\begin{aligned} Y_{bus}^{SVC} = {Y_{bus}} + \left[ {\begin{array}{*{20}{c}} 0&{}\quad 0&{}\quad 0&{}\quad \cdots &{}\quad 0&{}\quad 0\\ 0&{}\quad {{Y_{shunt}}}&{}\quad 0&{}\quad \cdots &{}\quad 0&{}\quad 0\\ 0&{}\quad 0&{}\quad 0&{}\quad \cdots &{}\quad 0&{}\quad 0\\ \vdots &{}\quad \vdots &{}\quad \vdots &{}\quad \cdots &{}\quad \vdots &{}\quad 0\\ 0&{}\quad 0&{}\quad 0&{} \quad \cdots &{}\quad 0&{}\quad 0\\ 0&{}\quad 0&{}\quad 0&{}\quad \cdots &{}\quad 0&{}\quad 0 \end{array}} \right] \end{aligned}
(21)

Here, $$\Delta {Y_{shunt}}$$, is the shunt admittance of SVC. These modified values in the admittance matrix due to the SVC affects the bus data.

Weak bus detection for optimal positioning of FACTS

The main aim of a weak bus recognition is to obtain the best possible position of the FACTS devices for providing proper reactive power provision at the suitable locations. This action affects the natural characteristics of the electrical transmission lines, provides better voltage profile, increases the power transfer capacity, reduces line losses and solves problems related to voltage instability31. The method used in the present work for weak bus identification involves the load flow analysis through single line diagram.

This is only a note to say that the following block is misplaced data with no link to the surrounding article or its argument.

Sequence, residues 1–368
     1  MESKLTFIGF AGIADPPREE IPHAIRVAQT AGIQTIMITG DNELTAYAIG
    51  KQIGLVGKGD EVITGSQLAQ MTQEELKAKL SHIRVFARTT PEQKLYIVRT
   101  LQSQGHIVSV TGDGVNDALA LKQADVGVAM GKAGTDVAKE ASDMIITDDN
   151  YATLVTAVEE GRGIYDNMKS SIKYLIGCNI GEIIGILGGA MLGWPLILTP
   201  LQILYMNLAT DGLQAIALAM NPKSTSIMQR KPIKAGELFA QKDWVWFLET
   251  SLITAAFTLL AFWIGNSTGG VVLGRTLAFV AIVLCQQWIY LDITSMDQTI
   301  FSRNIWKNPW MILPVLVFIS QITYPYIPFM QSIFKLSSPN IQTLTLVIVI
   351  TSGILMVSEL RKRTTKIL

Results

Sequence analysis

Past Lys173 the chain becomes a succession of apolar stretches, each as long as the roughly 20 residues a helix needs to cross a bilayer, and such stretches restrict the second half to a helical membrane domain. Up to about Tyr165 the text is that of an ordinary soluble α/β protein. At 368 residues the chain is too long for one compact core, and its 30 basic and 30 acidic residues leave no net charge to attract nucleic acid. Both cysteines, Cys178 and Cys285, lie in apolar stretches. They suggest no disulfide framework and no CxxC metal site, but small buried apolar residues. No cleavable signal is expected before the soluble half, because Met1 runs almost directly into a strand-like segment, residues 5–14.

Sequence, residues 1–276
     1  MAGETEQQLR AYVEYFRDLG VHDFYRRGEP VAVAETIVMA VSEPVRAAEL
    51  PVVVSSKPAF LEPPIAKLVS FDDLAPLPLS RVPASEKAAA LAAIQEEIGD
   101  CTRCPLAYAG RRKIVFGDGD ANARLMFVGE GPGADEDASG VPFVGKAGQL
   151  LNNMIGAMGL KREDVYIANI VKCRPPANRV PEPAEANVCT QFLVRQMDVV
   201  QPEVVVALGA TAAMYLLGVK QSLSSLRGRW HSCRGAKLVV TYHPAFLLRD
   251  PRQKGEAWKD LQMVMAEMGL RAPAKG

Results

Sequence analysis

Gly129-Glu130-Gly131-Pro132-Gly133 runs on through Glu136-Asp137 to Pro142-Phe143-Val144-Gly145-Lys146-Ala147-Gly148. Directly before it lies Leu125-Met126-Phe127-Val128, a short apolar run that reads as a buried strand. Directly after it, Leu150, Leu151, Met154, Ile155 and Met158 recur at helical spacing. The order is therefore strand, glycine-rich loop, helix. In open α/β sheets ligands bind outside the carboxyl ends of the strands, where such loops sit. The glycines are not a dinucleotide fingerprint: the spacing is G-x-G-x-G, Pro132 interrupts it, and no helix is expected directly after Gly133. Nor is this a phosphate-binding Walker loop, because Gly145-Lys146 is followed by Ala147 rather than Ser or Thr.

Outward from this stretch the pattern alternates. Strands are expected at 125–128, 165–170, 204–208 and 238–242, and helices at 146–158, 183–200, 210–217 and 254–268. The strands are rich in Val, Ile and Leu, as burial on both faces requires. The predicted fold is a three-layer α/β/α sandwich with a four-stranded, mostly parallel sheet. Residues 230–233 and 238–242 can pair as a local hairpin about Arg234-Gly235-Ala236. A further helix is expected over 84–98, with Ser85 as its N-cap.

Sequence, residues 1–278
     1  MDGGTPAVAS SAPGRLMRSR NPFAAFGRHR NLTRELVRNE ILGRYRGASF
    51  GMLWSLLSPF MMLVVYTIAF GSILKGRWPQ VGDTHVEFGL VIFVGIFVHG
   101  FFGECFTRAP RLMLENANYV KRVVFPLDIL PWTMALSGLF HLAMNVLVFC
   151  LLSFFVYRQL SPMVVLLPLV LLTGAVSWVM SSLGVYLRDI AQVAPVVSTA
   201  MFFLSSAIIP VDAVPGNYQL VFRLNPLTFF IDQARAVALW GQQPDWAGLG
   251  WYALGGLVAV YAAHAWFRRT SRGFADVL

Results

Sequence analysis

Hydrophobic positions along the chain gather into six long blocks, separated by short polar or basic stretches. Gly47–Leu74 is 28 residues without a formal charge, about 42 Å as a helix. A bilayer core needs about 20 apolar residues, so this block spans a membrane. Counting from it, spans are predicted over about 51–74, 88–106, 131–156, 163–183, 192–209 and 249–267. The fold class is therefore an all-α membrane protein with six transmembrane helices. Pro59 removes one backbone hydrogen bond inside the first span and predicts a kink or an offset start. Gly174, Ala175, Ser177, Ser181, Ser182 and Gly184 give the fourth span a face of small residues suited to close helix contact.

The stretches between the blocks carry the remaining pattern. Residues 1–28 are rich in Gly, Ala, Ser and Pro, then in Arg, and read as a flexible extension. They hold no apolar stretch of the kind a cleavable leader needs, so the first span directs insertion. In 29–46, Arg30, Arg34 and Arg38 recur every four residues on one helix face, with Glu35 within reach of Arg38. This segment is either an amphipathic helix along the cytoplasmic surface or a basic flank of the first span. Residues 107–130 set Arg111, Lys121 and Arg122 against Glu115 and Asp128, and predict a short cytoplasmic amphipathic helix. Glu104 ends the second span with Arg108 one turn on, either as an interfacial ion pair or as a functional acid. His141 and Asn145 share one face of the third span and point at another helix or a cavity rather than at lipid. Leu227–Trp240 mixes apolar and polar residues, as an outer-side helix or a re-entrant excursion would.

Voltage collapse proximity indication (VCPI)

The maximum power transfer theorem provides the basis of the VCPI technique30 for a line. Consider a constant voltage source $$V_{s}$$ with internal impedance $$Z_s \angle \theta$$ that is feeding a load with impedance $$Z_L \angle \varphi$$. According to this theorem, the maximum power flow occurs when the ratio of impedances $$Z_L/Z_s$$ equals 1. This result is used as voltage collapse predictor.

In order to simplify the problem and to maintain the accuracy level it is useful to keep $$\varphi$$ constant while considering a variable load impedance. For each increase of the load demand, it results that the current increases and $$Z_L$$ decreases. These combined effects further increase the line drop and decrease the voltage at the receiving end as follows: